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Defining Greek Narrative$
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Douglas Cairns and Ruth Scodel

Print publication date: 2014

Print ISBN-13: 9780748680108

Published to Edinburgh Scholarship Online: September 2014

DOI: 10.3366/edinburgh/9780748680108.001.0001

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Homeric Battle Narrative and the Ancient Near East

Homeric Battle Narrative and the Ancient Near East

Chapter:
(p.29) 3 Homeric Battle Narrative and the Ancient Near East
Source:
Defining Greek Narrative
Author(s):

Adrian Kelly

Publisher:
Edinburgh University Press
DOI:10.3366/edinburgh/9780748680108.003.0003

The dominant model of interaction between early Greece and the civilisations of the Ancient Near East and Egypt sees the Hellenic world as absorbing almost everything in its narrative poetry all the way down to individual expressions. This model confuses the difference between genealogy and analogy. This chapter proposes to highlight the essential Hellenicity of Homeric poetry by taking the battle narrative of the Iliad as its demonstration piece. Taking one of the many cases where Homeric battle episodes have been seen to be derived from other traditions, the discussion will compare the Diapeira in Iliad Book 2 and the episode of the army's testing by the hero Gideon in the Book of Judges from the Hebrew Bible (7.2–3), arguing that the passages are so different that they cannot be linked genealogically. The traditions for narrating battle of the Ancient Near East and Egypt are very different from the Iliad's – lacking the scale, variety, aestheticisation and narrativisation of Homer's battles. However we account for it, combat in the Iliad, which comprises roughly two-thirds of the poem's narrative, is a Greek feature in ancient Greek narrative.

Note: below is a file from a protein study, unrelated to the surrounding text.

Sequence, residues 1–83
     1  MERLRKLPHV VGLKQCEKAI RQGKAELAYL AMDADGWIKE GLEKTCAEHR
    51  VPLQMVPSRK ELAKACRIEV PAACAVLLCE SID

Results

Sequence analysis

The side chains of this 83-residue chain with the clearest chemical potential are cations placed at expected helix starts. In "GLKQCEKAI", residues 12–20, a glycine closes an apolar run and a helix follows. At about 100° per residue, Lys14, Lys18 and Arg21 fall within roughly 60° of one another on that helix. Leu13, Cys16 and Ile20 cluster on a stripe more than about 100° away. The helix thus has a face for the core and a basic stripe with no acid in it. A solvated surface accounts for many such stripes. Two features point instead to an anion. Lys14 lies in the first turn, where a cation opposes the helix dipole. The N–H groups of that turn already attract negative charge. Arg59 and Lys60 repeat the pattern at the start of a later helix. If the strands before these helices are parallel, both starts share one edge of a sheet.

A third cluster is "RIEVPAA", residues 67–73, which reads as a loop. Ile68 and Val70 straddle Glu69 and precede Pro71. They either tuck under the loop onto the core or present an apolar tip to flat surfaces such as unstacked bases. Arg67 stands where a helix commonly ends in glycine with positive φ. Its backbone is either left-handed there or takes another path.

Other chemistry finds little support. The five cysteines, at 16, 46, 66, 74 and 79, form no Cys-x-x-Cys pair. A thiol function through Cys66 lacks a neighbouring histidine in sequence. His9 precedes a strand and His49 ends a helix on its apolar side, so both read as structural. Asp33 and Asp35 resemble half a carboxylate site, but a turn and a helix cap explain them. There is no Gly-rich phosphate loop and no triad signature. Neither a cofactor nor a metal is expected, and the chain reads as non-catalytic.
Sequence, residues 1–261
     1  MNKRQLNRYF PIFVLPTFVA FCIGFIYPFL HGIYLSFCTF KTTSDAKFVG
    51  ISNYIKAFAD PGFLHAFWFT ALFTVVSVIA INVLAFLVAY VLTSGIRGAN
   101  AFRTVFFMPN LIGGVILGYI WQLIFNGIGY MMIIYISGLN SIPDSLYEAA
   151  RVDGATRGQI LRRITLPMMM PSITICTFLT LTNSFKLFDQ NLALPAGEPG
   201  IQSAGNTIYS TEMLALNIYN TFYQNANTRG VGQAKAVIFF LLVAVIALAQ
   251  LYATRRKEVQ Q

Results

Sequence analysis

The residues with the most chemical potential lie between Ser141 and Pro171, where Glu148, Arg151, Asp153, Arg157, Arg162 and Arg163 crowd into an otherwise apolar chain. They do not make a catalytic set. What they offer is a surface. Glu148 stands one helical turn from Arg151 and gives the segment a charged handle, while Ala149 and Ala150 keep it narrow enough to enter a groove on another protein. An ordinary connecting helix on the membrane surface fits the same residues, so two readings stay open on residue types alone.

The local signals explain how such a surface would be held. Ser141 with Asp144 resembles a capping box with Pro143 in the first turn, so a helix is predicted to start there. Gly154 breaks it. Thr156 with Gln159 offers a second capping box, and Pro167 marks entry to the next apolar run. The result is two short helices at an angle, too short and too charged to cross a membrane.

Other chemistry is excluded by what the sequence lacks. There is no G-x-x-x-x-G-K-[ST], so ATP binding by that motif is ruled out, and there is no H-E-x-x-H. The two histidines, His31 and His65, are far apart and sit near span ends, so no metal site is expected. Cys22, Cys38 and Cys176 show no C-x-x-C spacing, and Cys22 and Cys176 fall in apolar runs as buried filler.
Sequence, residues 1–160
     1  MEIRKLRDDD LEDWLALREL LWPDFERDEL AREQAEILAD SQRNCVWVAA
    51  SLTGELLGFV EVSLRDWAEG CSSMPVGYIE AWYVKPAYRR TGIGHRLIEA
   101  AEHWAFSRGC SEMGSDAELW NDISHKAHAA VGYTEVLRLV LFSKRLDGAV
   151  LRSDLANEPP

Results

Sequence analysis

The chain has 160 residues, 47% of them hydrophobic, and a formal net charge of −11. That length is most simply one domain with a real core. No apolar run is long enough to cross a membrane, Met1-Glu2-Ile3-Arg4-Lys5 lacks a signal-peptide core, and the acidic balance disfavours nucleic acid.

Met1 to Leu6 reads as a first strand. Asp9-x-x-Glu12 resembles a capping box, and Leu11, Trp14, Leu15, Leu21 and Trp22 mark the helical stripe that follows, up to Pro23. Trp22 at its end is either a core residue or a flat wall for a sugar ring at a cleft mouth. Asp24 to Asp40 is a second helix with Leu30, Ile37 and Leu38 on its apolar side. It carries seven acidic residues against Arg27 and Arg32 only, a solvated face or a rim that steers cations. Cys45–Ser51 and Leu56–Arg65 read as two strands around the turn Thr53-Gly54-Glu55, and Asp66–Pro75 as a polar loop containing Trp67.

Keywords:   Battle narrative, Near Eastern literature, Judges, Diapeira

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